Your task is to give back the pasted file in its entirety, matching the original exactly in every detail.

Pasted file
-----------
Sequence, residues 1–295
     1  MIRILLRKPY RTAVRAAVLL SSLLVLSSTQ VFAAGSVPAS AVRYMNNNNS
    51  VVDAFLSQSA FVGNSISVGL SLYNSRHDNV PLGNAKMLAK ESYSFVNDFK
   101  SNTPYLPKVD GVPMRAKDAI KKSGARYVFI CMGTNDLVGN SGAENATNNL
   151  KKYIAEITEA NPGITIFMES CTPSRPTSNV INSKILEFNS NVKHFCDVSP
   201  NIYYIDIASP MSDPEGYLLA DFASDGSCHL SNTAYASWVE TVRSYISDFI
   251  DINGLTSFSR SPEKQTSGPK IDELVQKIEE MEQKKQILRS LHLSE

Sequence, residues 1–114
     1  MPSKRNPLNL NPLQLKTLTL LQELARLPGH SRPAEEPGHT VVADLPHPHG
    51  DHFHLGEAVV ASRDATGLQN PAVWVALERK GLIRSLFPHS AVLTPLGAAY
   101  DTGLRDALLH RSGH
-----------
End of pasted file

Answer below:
Sequence, residues 1–295
     1  MIRILLRKPY RTAVRAAVLL SSLLVLSSTQ VFAAGSVPAS AVRYMNNNNS
    51  VVDAFLSQSA FVGNSISVGL SLYNSRHDNV PLGNAKMLAK ESYSFVNDFK
   101  SNTPYLPKVD GVPMRAKDAI KKSGARYVFI CMGTNDLVGN SGAENATNNL
   151  KKYIAEITEA NPGITIFMES CTPSRPTSNV INSKILEFNS NVKHFCDVSP
   201  NIYYIDIASP MSDPEGYLLA DFASDGSCHL SNTAYASWVE TVRSYISDFI
   251  DINGLTSFSR SPEKQTSGPK IDELVQKIEE MEQKKQILRS LHLSE

Sequence, residues 1–114
     1  MPSKRNPLNL NPLQLKTLTL LQELARLPGH SRPAEEPGHT VVADLPHPHG
    51  DHFHLGEAVV ASRDATGLQN PAVWVALERK GLIRSLFPHS AVLTPLGAAY
   101  DTGLRDALLH RSGH